What Is Somatic Psychology?

Updated February 04, 2021
Medically Reviewed By: Wendy Boring-Bray, DBH, LPC

There are many forms of psychology. One that we will be looking at today is known as somatic psychology. In this post, we will look at this field and discuss its principles.

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Somatic psychology takes a holistic approach to treatment. The concept of holism involves treating the whole. It's believed that someone's whole life is important when treating someone, not just the isolated parts that exhibit symptoms. One of the biggest parts of somatic psychology is somatic psychotherapy. Somatic psychotherapy looks at the body, mind, spirit, emotions, and other factors when healing a person.

It's believed that someone's whole self, be it their thoughts, feelings, beliefs, and other emotions, can affect the physical attributes of a person. It's also believed that physical actions, like diet, exercise, and how you cope can affect your mental state. Somatic psychology can help those who are dealing with numerous problems in their life.

The belief is that if someone treats both the mind and the body, this can help the person as a whole.

It's also believed that people who have experienced trauma can become trapped inside negative cycles of thoughts and actions. Someone's body language can betray their trauma. Your expression, how you present yourself, and other subtle body language may be a way you show carry your past.

Somatic psychotherapy may use talk therapy to help those who are going through trauma. As you probably know, talk therapy involves speaking to a professional counselor and coming up with solutions together. However, it's believed that people have different needs, and there may be body techniques you can use to help with your healing.

History Of Somatic Psychology

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Somatic psychology has quite a deep history when you look at it. Wilhelm Reich is believed to have contributed more to somatic psychology than any other researcher in the field. He was an Austrian psychoanalyst who helped create somatic psychotherapy as therapy method. There were others who helped create it, such as Pierre Janet and, of course, Sigmund Freud. Freud believed that there might be bodily manifestations that occurwhen a person is dealing with mental health problems.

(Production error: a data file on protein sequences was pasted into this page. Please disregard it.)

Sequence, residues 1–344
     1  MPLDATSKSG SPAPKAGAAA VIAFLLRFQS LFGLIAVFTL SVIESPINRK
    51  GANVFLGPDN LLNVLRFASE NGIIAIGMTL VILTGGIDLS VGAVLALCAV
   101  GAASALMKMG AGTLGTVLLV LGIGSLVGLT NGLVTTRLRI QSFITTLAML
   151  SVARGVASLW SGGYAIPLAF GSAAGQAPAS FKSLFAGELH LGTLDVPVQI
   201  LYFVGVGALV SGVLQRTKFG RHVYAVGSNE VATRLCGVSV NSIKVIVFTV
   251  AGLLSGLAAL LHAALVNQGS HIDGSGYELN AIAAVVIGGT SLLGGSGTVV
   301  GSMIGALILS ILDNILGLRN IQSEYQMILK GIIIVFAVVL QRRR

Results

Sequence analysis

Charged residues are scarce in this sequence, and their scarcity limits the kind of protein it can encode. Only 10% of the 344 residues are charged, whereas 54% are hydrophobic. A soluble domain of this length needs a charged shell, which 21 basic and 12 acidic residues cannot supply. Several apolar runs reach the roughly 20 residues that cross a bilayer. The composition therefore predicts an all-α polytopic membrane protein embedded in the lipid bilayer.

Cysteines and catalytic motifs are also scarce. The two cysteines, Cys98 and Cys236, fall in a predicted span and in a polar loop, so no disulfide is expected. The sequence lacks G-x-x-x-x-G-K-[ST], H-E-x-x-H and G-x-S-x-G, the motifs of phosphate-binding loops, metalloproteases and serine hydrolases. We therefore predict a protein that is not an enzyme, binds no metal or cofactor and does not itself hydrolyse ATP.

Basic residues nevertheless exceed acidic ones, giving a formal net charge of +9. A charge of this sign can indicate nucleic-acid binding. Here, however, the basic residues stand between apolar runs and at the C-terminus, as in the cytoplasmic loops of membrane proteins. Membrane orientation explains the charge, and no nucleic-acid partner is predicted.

Reich was once a student of Freud. He believed that humans and their impulses are inherently good,and someone should want to want to seek a treatment method that involved the body.

Reich published his book Character Analysis after studying how the body is involved with psychotherapy. He published it in 1933, and the community at large praised it. The book put forth the theory that people have repressed emotions and personality traits that can be looked at through one's muscular tension, movement, and body language. He called this body armor. This does make sense. Sometimes, we hide our emotions and feelings in our body language, and this acts as our armor.

He believed that to let one's emotions out, you might need to use physical pressure to help you. For example, massages and other physical treatments may help ease tensions.

Body psychotherapy's acceptance became criticized due to Reich's other works. He adopted vegetotherapy, which combines psychotherapeutic treatment with body massage. The psychology community at large criticized this, and this response lead people to reject body psychotherapy as a whole. Despite Reich's problems, he was able to get the ball rolling. Other people who he treated began researching his works and helped to build on to the concept of body psychotherapy. Soon, somatic therapy was born.

There are quite a few people who realize the importance of the mind and body when it comes to treating people. The idea that mind and body should be treated separately seems a bit outdated because we do work as a whole. If there are health problems, they can affect our mental state. If we are having problems with work or with other people, they can affect your state.

The Schools Of Somatic Psychology

What is interesting about somatic psychology is just how many practices and schools there are. Some are based on the work of Reich, while others are the creation of others. A few examples are:

  • Core energetics. This takes the concept of energy. It's believed that energy goes throughout your body, and when there is an imbalance, that is a bit of a problem. By balancing yourself, it can help you with all of life's qualities.
  • Bioenergetic analysis. This is when therapy combines with bodywork.
  • This is when the body is looked at,and it's used to resolve problems such as mental health problems.

There are a lot of other schools of somatic therapy as well. These are just a few examples.

How It Works

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You may wonder how exactly somatic therapy works. The belief is that some emotional problems are not adequately addressed through talk therapy alone. Talk therapy is believed to be highly useful but does not reveal everything. The body of someone can reveal more than their words. It's believed that trauma can impact someone's nervous system, creating the unconscious bodily cues.